“A growing number of communities in the Caribbean, the Mediterranean, and the territories of the Pacific and Indian Ocean have received the prestigious Tsunami Ready Certification of UNESCO's Intergovernmental Oceanographic Commission,” she said.
“Most heartening of all is the work being done with the youth of climate‑vulnerable Small Island Developing States in the Caribbean and across the Pacific,” she said.
Ms. Mizutori said that under the Safe Ocean Outcome of the UN Decade of Ocean Science, “we have a once‑in‑a‑generation opportunity to improve tsunami detection and early warning systems. UNDRR welcomes and fully supports the stated ambition of making 100% of all communities at risk to be prepared for and resilient to tsunami through the implementation of the UNESCO IOC Tsunami Ready Programme and many other initiatives by 2030.”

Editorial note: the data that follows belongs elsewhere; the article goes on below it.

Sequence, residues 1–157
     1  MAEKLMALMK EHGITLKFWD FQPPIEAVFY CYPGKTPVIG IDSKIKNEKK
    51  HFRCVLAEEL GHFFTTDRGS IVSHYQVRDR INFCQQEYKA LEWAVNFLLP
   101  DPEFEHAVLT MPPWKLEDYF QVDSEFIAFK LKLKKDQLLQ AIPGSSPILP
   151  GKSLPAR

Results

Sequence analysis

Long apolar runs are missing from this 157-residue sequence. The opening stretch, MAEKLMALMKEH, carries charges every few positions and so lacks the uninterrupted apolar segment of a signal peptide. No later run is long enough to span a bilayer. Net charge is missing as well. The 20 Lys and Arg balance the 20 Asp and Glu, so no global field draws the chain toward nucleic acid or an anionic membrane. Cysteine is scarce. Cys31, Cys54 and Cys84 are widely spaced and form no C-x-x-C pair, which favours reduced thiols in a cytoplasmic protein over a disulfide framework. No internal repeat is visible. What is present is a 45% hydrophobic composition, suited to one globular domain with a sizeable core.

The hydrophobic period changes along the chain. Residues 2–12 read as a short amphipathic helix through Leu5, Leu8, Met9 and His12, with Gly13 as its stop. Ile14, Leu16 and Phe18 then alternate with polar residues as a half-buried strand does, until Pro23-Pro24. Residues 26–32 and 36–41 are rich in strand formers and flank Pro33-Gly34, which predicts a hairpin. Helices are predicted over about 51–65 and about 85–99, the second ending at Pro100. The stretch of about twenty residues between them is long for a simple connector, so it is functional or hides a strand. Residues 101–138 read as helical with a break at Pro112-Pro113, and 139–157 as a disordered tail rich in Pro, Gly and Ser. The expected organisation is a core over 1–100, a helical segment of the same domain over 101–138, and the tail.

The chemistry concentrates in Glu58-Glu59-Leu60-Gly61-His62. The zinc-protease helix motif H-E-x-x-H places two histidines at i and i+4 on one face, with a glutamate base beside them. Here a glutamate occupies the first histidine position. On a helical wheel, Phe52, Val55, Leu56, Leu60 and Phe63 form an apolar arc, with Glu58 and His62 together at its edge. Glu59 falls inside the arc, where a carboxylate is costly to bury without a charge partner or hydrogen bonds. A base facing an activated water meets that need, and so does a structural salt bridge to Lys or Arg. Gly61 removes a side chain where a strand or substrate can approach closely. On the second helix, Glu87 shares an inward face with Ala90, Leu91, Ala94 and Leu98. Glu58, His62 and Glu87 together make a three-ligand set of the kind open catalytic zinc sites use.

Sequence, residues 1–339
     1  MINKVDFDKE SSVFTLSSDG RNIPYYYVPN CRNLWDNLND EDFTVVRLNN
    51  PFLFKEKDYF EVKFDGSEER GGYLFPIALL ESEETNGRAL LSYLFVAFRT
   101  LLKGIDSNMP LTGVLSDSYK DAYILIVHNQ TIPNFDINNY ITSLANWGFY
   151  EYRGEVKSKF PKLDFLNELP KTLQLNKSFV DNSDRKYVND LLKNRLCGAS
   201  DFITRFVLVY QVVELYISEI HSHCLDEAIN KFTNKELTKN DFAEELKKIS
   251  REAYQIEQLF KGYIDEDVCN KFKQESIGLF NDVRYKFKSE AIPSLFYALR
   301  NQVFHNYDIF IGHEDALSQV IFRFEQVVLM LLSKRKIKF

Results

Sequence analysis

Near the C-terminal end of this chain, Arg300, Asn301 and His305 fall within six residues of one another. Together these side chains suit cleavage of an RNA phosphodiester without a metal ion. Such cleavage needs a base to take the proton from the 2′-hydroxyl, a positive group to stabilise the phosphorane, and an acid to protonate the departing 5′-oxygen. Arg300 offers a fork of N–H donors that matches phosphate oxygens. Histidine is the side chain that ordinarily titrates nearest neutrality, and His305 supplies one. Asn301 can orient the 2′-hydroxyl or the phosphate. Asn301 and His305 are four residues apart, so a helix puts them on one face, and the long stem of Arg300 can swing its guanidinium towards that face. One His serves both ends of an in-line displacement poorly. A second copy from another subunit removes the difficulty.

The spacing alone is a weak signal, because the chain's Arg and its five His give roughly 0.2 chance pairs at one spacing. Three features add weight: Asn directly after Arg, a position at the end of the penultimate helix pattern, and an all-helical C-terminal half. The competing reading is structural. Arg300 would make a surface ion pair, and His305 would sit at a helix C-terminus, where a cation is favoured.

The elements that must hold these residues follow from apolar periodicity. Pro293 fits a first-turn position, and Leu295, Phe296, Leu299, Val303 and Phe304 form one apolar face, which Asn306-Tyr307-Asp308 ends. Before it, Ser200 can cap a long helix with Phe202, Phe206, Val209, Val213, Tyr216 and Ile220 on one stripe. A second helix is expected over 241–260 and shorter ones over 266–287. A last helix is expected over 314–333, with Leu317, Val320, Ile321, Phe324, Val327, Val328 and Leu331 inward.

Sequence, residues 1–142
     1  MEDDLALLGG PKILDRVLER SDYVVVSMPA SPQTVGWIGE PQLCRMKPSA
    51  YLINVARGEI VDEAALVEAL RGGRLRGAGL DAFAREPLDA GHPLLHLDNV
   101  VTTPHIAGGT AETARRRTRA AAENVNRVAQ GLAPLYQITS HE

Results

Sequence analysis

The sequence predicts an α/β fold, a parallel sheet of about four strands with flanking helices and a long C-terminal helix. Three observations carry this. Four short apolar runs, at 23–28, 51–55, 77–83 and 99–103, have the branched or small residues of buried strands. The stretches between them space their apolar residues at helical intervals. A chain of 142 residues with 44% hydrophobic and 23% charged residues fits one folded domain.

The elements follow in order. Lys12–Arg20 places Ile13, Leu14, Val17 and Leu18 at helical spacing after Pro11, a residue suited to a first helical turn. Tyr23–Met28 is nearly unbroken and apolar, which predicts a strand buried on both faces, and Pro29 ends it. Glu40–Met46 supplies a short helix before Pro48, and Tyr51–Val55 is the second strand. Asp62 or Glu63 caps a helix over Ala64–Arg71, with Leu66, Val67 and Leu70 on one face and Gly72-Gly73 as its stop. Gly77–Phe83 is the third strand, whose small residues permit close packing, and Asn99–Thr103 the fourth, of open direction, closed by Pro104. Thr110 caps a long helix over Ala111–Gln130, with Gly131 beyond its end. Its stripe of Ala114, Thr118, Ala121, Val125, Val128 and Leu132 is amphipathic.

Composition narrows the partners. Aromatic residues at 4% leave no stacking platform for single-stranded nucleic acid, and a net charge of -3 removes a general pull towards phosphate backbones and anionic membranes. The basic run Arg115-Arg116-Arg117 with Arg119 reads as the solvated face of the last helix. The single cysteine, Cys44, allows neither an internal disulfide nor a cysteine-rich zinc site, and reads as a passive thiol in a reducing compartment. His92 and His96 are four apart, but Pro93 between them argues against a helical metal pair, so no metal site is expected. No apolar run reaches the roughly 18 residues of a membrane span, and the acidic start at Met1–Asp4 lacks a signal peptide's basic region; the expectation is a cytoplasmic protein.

Event moderator, journalist Shakuntala Santharan, introduced a series of video messages from youth and young professionals engaged in tsunami awareness and disaster risk reduction from Fiji, Italy, Japan, Madagascar, Maldives, Mexico, and Tonga
Anna Shinke, Ph.D student at Tohoku University, Japan, experienced the Great East Japan Earthquake and Tsunami on the day of her junior high school graduation in Iwake City, Fukushima Prefecture.
“I was shocked to see my hometown destroyed by the tsunami. I strongly felt that such a painful experience should not be experienced by anyone again, and I want to reduce the number of people who die in disasters,” she said.